We bow our hearts this day and evermore. (Bhikkhu Silacara, British Buddhist Monk)
He Planned Wisely
All students of that wonderful life will appreciate the sincerity of this tribute, and most will be glad to endorse it. Of Gotama's serenity, of his moral earnestness, of his sweet reasonableness, of his compassion, of his wisdom, and above all of his magnetic winsomeness, there can be no dispute. That he planned wisely and built on strong foundations, the history of Buddhism through twenty-five centuries proclaims. (Prof. K.J. Saunders, Hon. Literary Secretary Y.M.C.A., India, Burma, Ceylon)
Winner of Hearts
It was the individual Buddha that captivated men; it was the teaching that emanated from him that fired enthusiasm; it was his position as an aristocrat that made him acceptable to the aristocracy, his magnetism that made him the idol of the people. From every page stands out the strong attractive personality of this teacher and winner of hearts.(Prof. K. J. Saunders)
No Princely Pride
The Buddha started his ministry by killing all his princely pride in acts of self-humiliation. He attained sainthood during his life, but never lost his naturalness, never assumed superior airs. His dissertations and parables were never pompous. He had time for the most humble of men and women. He never lost his human sense of fun. Buddhists despise those who boast of their religious experiences.(John Walters, "Mind Unshaken")
For the Benefit of Mankind
The Buddha laboured not for his own or his creator's glory but simply and solely for the benefit of mankind. Conversion by force had no meaning for him. (Prof. Eliot, "Buddhism and Hinduism")
No Persecution
There is no record known to me in the whole of the long history of Buddhism throughout the many centuries where its followers have been for such lengthened periods supreme, of any persecution by the Buddhists of the followers of any other faith. (Prof. Rhys Davids)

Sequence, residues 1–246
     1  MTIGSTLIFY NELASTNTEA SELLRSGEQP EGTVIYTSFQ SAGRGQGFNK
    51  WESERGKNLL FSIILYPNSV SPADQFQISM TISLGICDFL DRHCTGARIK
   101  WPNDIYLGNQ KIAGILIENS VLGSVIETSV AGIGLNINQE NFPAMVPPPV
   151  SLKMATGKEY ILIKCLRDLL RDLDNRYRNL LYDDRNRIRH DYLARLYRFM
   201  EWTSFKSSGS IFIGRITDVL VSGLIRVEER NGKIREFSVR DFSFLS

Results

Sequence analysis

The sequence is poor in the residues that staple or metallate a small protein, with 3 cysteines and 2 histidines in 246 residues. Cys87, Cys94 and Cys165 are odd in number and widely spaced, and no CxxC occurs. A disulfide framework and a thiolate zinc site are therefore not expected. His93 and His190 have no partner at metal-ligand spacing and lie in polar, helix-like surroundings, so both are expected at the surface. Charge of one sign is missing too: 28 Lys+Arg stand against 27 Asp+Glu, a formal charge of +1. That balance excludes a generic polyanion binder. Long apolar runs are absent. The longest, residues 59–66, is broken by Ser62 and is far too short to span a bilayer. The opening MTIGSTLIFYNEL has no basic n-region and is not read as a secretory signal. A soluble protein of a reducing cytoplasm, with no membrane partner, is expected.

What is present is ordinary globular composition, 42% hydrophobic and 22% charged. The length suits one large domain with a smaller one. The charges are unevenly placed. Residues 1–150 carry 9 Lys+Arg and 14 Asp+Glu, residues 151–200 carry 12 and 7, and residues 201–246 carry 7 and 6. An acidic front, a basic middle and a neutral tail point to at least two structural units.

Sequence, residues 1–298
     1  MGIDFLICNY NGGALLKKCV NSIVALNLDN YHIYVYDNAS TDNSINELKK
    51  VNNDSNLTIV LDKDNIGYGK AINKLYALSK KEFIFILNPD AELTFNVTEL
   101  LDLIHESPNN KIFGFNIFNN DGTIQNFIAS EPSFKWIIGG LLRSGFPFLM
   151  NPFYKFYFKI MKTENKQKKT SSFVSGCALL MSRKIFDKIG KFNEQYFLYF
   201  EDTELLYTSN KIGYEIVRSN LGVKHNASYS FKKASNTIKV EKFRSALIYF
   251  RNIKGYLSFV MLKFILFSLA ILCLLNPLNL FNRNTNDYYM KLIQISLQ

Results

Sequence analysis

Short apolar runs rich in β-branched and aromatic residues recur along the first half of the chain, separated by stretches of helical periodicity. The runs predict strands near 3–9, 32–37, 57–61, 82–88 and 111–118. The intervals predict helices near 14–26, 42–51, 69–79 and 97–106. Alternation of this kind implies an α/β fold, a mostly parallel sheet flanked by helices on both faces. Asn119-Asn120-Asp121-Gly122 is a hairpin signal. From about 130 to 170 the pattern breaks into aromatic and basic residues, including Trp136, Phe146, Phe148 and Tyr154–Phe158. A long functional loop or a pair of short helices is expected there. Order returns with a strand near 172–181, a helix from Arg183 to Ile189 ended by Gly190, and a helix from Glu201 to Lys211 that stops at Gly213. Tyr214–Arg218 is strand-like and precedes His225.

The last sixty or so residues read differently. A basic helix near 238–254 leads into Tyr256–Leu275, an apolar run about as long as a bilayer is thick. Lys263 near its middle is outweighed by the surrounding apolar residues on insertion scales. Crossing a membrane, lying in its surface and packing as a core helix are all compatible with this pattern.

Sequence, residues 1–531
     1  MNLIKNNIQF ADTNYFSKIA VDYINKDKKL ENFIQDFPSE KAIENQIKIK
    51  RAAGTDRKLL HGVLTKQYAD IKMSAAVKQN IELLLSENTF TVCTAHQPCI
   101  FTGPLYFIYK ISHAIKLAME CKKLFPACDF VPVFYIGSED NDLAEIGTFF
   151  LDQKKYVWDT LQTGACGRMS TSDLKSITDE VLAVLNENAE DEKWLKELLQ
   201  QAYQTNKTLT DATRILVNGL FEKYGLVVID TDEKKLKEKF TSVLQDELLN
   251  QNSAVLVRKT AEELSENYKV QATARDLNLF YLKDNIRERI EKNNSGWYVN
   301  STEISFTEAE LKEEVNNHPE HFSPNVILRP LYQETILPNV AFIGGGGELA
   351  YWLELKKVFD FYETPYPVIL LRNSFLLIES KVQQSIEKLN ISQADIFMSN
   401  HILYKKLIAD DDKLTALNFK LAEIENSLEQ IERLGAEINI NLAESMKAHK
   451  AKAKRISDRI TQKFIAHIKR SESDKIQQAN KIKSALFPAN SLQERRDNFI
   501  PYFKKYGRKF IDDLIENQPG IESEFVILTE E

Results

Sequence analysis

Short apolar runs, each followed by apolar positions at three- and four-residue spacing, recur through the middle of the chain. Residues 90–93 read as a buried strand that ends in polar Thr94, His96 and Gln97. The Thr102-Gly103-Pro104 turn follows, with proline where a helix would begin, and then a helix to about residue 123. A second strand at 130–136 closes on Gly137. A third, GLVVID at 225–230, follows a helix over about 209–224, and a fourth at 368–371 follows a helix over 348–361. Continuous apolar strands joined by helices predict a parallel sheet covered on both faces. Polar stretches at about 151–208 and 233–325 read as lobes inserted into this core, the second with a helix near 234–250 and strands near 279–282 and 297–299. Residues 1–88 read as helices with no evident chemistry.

nsatisfactory World
Buddha was not angry with the world. He thought of it as unsatisfactory and transmitary rather than wicked, as ignorant rather than rebellious. He troubled little about people who would not listen to him and no nervous irritability. (Prof. Eliot, "Buddhism and Hinduism")
Buddha Does Not Demand Belief
The Buddha has not merely awakened to the supreme reality; he also presents his higher knowledge that is superior to that of "all gods and men" most clearly and free from all mythological disguise and mythical clothing. Here, however, it is given in so cogent a form that it presents itself as positively self-evident to the person who is able to follow him. For this reason the Buddha does not demand any belief, but promises knowledge. (George Grimm, "The doctrine of the Buddha")
Anyone Can Experience It
Unlike anyone else, Buddha not only laid bare the great practical problem of how we can make ourselves perfectly free from sorrow and absolutely full of bliss, but he has referred his essential problem directly to the primary problem of our deepest nature. What wholly unique is that he has referred it to a simple syllogism of such simplicity that, with goodwill, even an intelligent shepherd can in the end experience it in all its overwhelming certainty. (George Grimm, German Philosopher, "The Doctrine of the Buddha")
Buddha Has Seen Deeper than Modern Idealists
"Gautama got rid of even that shade of a shadow of permanent existence by a metaphysical tour de force of great interest to the student of philosophy seeing that it supplies the wanting half of Bishop Berkeley's well-known idealist argument. It is a remarkable indication of the subtlety of Indian speculation that Gautama should have seen deeper than the greatest of modern idealist'. The tendency of enlightened thought of all today all the world over is not towards theology, but philosophy and psychology. The bark of theological dualism is drifting into danger. The fundamental principles of evolution and monism are being accepted by the thoughtful. (Prof. Huxley, "Evolution and Ethics")
Aryan Faith
It is at least interesting to remember that Gotama was the only man of our own race, the only Aryan, who can rank as the founder of a great religion. Not only so, but the whole intellectual and religious development of which Buddhism is the final outcome was distinctively Aryan, and Buddhism is the one essentially Aryan faith. (Prof. Rhys Davids)